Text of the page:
Think back to a time when during cab journeys you could hear the meter ticking away in the front even though you were sat in the back. The disco was always packed and the drink of choice was shots of peach schnapps. KLIK magazine (which bore some resemblance to The Face and i-D in the UK) went on sale at the kiosks. The socialist PASOK party was at its zenith. “The Bold and the Beautiful” had TV viewers gripped. Pizza delivery was a new thing and bulky stereo systems a must-have. That was Greece in the 1980s, an era that has been recreated in a new exhibition at Technopolis, which opened at the end of last month.
You might think it’s nostalgia, but at the same time it isn’t. “That’s not the prism through which we’re looking, not at all,” say the two curators of the exhibition, academics Panagis Panagiotopoulos and Vassilis Vamvakas. Rather, the revival of the decade emerged out of their attempt to track the roots of the current crisis.
The exhibition focuses on four themes, politics, the arts, lifestyle and technology, which are set out in 18 booths. As well as showcasing objects from that time, it also features lectures, concerts, and fun master classes (including a seminar by makeup artist Achilles Haritos). Meanwhile, the Onassis Cultural Center will be hosting a number of parallel events.
So what elevates this exciting intergenerational experience beyond a simple exhibition? To start with, its organization, which involved the participation of hundreds of Greeks who responded to the curators’ call for people to go delving into attics and storage rooms to dig out clothes, accessories, books, magazines, furniture and other objects from the time, most of which have found a place among the exhibits, while many volunteers also helped to put the show together.
“More than 250 people have helped us by providing exhibits. We signed contracts stating that we were borrowing them for the duration of the exhibition. Albums, personal photographs, magazines, school supplies, posters – you name it. We even got miscellaneous items such as a placemat with a slogan saying ‘A Party without Goody’s is like Rambo without Stallone’ [in reference to the Greek fast-food restaurant] from 1983, paper napkins from pizzerias and bus tickets,” say the curators.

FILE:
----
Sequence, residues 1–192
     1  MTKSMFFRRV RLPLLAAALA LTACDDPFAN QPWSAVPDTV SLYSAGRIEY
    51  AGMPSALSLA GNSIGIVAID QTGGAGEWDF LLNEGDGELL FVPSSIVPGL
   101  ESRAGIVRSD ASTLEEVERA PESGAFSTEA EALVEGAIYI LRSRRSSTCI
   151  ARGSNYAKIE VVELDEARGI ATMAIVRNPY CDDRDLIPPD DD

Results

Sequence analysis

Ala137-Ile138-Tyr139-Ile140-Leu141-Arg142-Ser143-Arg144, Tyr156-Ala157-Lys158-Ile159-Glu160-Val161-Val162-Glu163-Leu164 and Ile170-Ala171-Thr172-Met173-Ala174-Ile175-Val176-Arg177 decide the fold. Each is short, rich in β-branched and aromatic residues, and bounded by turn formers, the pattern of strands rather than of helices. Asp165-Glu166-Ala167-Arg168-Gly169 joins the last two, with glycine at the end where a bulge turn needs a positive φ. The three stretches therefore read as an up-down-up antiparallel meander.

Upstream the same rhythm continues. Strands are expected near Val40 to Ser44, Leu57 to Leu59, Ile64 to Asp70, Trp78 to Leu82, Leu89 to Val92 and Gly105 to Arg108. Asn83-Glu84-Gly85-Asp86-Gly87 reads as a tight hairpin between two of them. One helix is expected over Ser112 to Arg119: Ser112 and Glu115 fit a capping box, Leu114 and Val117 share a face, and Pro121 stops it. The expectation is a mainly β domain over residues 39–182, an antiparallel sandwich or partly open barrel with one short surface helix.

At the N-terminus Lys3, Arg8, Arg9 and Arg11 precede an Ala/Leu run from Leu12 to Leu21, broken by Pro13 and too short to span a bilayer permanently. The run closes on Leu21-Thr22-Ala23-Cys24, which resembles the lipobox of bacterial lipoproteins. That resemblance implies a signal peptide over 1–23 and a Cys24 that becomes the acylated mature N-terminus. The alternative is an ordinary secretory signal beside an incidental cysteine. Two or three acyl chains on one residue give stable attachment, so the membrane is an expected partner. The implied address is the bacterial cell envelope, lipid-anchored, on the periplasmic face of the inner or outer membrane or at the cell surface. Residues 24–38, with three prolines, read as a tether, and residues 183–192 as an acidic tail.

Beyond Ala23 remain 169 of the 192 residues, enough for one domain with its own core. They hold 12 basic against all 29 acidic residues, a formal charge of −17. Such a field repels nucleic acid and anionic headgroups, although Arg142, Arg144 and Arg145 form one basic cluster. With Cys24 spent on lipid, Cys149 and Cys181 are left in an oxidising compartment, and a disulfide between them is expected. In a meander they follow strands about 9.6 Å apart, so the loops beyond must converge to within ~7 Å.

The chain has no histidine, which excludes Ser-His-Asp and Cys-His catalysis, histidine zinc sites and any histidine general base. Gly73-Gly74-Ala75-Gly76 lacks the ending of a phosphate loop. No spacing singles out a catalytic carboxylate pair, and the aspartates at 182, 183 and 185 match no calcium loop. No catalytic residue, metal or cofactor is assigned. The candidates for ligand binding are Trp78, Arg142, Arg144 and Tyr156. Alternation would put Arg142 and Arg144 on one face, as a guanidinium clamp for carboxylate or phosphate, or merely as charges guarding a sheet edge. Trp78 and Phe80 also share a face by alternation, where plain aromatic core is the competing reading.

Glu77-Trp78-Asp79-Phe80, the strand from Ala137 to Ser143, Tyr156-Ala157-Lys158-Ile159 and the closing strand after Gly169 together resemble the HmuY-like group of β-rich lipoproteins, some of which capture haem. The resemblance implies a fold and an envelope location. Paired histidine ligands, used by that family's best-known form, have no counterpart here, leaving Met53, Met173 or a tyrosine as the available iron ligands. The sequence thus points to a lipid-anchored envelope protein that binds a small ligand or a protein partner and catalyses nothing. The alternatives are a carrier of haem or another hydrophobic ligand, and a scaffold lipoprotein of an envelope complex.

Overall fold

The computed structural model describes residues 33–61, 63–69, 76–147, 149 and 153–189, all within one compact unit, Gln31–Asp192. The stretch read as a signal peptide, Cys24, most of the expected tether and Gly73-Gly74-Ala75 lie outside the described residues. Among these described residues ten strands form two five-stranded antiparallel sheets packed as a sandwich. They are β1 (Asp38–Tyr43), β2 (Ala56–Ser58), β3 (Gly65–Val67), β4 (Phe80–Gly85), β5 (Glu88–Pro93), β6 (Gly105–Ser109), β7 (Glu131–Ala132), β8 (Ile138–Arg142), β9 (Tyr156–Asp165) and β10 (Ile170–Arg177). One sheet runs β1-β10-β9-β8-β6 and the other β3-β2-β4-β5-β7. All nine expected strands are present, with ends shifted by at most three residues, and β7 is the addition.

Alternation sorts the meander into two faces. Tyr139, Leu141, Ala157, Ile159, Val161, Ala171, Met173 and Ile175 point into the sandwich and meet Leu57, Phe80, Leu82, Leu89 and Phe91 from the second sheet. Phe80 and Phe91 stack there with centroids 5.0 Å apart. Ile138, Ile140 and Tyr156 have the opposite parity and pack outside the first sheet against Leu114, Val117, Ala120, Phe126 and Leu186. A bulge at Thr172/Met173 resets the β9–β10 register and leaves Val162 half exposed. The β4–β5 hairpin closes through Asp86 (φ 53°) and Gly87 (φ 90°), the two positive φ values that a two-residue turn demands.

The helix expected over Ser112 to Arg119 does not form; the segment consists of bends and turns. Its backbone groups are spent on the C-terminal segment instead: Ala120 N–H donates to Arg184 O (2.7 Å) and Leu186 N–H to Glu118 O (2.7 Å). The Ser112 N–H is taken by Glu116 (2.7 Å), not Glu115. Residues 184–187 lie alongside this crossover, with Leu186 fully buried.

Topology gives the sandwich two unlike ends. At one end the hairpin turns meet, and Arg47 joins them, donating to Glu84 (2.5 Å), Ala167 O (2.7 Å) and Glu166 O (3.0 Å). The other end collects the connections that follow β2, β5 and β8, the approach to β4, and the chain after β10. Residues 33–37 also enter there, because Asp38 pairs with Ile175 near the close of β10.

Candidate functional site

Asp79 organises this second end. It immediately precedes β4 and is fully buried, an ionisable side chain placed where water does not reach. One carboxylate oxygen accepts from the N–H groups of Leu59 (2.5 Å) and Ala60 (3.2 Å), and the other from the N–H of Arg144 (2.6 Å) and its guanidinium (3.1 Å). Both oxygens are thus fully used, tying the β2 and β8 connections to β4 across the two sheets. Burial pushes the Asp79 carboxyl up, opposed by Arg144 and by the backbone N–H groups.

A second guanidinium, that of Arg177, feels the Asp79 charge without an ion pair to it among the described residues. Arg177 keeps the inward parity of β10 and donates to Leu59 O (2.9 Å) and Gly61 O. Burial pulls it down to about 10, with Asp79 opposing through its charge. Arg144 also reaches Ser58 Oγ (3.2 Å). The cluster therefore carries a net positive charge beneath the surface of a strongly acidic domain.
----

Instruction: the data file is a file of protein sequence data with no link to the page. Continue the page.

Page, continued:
Certain groups have also made contributions, such as Pigi, a cultural association in Gerakas, eastern Attica, which provided PASOK flags, Eoliki liqueur and unopened bottles of whiskey, as well as crockery.
“These are people who feel a connection to these objects because they symbolize something, like the rise in living standards,” says Panagiotopoulos.
There are surprises in store too. From old hair salon equipment to a green bus that used to run the Athens-Piraeus route, and a Yamaha motorcycle. “The great response that we got from the public has to do with the fact that the ‘museum’ we created has been filled with items that normal people had because they were mass-produced. We didn’t want to make an exhibition about the best or the worst of the decade, but something more all-encompassing,” says Panagiotopoulos.
Vamvakas adds: “We were impressed that people in their 40s and 50s brought us so many things, but also that those in their 20s and 30s came to help as volunteers. At least 50 people helped in the preparations.”
Ultimately, what was it that made the 1980s so special? The curators respond: “It was the last stable and emotionally secure era before globalization. For Greece, it was the greatest time of modernization in social relationships and interpersonal freedoms.” Something for older generations to remember and youngsters to learn.